Aracelis Girmay

BA, Connecticut College. MFA, New York University. Born and raised in Santa Ana, California, her poems trace the connections of transformation and loss across cities and bodies. Her poetry collections include Teeth (2007) and Kingdom Animalia (2011). She is also the author of the collage-based picture book changing, changing (2005). In 2011 Girmay was awarded a fellowship from the National Endowment for the Arts. A Cave Canem Fellow and an Acentos board member, she led youth and community writing workshops. SLC, 2016

Graduate Courses

Writing 2017-2018

Poetry Craft: Powers of the Strange and Particular: Topics in Craft


How can reading or writing a poem be an act of resuscitation? An awakening of one’s “sight,” one’s mind and questions? How do writers cultivate encounter, observation, and imagination to tip and trouble language into experience? In this course, we will explore a range of texts that inspire wonder and exemplify the powers of imaginative practice(s)/strategies. Studying writers whose work is original, strange, wondering, we will consider the gifts of mystery and strangeness in poems (and here I am hearing Paul Celan in “The Meridian,” translated by Pierre Joris: “The poem estranges. It estranges by its existence, by the mode of its existence, it stands opposite and against one, voiceful and voiceless simultaneously, as language, as language setting itself free, as language in statu nascendi—as Valery once said”). Together we will work to understand some of the ways in which the texts are working while also engaging in experiments and studies to awaken our own idiosyncratic ways of saying and seeing. We will read approximately one book of poems a week, along with supplementary materials. As a way of learning with the materials, class participants will be expected to write poems in response to writing experiments, give in-class presentations on assigned topics in craft, and write several short responses/papers to texts. The course will be reading- and writing-intensive. It will also be a kind of laboratory for trying and making. Among the artists whose work we will study are Federico García Lorca, Hélène Cixous, Ilya Kaminsky, Lucille Clifton, Larry Levis, Paul Celan, Lucie Brock-Broido, Vanessa Villareal, Mary Ruefle, Toi Derricotte, J. Michael Martinez, Ross Gay, W.S. Merwin, and Kimiko Hahn. Key topics in craft include: diction, syntax, line, place, metaphor, image, and structure.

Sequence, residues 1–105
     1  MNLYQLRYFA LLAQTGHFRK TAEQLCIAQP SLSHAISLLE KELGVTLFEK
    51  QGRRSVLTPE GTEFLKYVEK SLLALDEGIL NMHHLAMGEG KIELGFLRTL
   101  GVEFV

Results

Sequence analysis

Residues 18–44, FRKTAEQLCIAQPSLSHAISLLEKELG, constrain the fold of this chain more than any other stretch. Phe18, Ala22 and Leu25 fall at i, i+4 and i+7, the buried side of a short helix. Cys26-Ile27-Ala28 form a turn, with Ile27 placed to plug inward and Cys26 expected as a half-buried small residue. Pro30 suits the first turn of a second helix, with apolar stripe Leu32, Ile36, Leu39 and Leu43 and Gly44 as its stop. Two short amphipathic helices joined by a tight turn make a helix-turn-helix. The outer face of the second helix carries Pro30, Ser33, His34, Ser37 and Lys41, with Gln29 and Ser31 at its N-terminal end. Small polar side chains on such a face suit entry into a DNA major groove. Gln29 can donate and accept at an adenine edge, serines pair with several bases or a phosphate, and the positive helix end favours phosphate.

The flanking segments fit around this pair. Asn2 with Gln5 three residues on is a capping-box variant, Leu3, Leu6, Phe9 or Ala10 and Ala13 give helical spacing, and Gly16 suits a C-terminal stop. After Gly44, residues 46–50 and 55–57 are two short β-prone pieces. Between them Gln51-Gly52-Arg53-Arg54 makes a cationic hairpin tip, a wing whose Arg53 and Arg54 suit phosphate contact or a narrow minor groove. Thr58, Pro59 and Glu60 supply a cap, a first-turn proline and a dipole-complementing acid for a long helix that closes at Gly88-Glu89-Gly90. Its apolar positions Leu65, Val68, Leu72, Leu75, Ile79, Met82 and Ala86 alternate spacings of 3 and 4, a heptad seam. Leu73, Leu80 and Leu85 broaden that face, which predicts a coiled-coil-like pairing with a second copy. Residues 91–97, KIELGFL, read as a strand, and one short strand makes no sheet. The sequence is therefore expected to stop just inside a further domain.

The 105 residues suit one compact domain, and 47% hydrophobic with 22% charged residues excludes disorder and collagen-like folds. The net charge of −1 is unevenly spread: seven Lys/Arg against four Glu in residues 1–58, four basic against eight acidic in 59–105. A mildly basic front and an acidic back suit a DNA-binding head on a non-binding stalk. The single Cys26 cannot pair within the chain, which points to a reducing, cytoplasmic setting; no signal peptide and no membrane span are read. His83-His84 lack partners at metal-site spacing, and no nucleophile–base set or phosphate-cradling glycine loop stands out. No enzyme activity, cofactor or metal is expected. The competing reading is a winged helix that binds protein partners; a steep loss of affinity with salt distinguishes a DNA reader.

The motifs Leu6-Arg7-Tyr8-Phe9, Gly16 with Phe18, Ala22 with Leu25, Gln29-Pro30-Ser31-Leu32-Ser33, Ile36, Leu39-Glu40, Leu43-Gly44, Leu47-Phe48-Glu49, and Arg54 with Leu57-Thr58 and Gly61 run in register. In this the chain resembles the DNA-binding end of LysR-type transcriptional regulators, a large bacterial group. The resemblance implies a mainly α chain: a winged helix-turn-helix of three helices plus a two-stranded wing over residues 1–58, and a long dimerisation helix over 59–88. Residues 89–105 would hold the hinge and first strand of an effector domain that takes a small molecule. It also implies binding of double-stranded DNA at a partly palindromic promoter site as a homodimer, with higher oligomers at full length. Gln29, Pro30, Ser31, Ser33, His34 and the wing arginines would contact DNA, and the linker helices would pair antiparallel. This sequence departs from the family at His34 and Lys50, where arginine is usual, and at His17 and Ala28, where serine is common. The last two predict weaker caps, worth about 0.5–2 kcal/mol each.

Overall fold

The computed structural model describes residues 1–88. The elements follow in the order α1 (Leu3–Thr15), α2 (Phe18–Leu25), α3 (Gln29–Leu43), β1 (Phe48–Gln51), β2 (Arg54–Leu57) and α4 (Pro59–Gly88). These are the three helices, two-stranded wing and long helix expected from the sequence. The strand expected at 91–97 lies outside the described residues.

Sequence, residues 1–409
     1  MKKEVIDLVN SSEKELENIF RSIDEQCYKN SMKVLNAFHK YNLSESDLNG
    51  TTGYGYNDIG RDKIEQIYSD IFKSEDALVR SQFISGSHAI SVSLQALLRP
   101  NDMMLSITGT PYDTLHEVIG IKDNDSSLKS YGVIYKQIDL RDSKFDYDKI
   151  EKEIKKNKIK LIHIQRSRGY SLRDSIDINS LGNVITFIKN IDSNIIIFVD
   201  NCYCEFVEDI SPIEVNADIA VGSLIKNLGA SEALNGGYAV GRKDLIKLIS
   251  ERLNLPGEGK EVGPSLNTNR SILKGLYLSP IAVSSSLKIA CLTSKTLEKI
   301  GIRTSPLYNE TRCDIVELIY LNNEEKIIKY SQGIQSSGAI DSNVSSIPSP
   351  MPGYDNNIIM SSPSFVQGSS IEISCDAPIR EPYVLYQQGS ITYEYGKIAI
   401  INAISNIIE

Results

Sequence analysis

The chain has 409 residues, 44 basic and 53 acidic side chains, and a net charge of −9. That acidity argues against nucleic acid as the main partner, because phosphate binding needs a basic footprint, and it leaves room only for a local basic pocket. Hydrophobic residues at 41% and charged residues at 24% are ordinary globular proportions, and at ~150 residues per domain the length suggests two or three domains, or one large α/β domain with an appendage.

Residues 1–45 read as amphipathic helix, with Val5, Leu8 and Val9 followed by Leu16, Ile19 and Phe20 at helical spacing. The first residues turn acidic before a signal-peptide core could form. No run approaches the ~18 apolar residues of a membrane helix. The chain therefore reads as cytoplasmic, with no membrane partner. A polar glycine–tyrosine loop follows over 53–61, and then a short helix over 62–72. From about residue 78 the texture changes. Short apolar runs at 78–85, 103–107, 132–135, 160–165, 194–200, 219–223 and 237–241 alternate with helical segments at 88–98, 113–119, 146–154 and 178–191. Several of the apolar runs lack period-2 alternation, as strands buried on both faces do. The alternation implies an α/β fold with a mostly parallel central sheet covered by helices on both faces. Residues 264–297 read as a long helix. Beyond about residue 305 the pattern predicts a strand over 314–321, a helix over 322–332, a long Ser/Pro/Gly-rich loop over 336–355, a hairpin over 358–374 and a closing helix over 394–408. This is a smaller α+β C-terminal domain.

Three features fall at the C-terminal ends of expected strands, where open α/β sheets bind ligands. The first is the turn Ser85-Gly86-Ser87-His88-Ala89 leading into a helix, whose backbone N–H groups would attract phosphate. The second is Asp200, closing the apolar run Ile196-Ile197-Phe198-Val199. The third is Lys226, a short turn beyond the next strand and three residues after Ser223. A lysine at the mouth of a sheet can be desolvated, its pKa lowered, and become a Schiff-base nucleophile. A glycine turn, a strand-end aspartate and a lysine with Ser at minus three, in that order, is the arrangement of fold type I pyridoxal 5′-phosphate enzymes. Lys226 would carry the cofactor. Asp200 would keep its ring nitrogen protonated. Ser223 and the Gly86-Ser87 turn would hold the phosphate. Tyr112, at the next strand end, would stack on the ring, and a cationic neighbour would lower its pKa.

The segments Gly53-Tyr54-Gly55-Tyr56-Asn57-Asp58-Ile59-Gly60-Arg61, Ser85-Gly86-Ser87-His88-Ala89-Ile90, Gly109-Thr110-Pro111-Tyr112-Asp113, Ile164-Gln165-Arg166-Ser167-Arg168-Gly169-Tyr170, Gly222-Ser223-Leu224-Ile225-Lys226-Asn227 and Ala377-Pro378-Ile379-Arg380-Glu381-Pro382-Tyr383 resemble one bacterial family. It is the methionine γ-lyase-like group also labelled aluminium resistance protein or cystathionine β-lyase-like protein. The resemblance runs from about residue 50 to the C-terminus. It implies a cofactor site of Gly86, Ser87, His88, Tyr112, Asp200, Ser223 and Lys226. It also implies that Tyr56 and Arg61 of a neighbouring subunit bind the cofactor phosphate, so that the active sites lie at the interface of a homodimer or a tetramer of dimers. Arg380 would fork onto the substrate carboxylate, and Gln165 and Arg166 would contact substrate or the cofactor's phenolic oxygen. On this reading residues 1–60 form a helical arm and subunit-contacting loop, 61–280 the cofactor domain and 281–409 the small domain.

Previous Courses

D U.S. K S: Poetry Craft


About the French idiom to describe dusk, Jean Genet writes in Prisoner of Love, “The hour between dog and wolf, that is dusk, when the two can’t be distinguished from each other, suggests a lot of other things besides the time of day…The hour in which…every being becomes his own shadow and thus something other than himself. The hour of metamorphoses, when people half hope, half fear that a dog will become a wolf.” In this course, we will work to cultivate a real community of writers and readers around texts that push us to think about dusk, or the in-between, in a selection of contemporary “U.S.-American” poems/writings. (I am thinking about this sociopolitical moment. I use quotes around “U.S.-American” to point to its/our transnational identities and histories.) Together, we will study poems through this dusky lens and will discuss theoretical texts that push us to think about the various openings, consequences, and implications of The In-Between. We will think about the ways in which craft elements such as diction, line, time, and tense might mark the dusky space of a poem where clarity is slant, obscured, and knowledge-bent—subjects diffused and shifting shape. Readings will vary week to week but, on average, please be prepared to read, in addition to supplementary materials, a book every week to two weeks. Among the writers we will likely read are Bhanu Kapil, Eduardo Corral, Lucille Clifton, Fanny Howe, Claudia Rankine, Jennifer Bartlett, Solmaz Sharif, Audre Lorde, Gloria Anzaldúa, Patrick Rosal, Layli Long Soldier, Shane McCrae, and Jean Valentine. In addition to readings, writers will participate in both generative writing experiments and revisions. I believe that, like writing the dream, writing the dusk can alter language and/or how we expect language to behave and that this lens might be a route to possibility with the poems and in one’s daily sight. Class members should be committed to deepening their practice as imaginative (live!) readers, writers, and community members.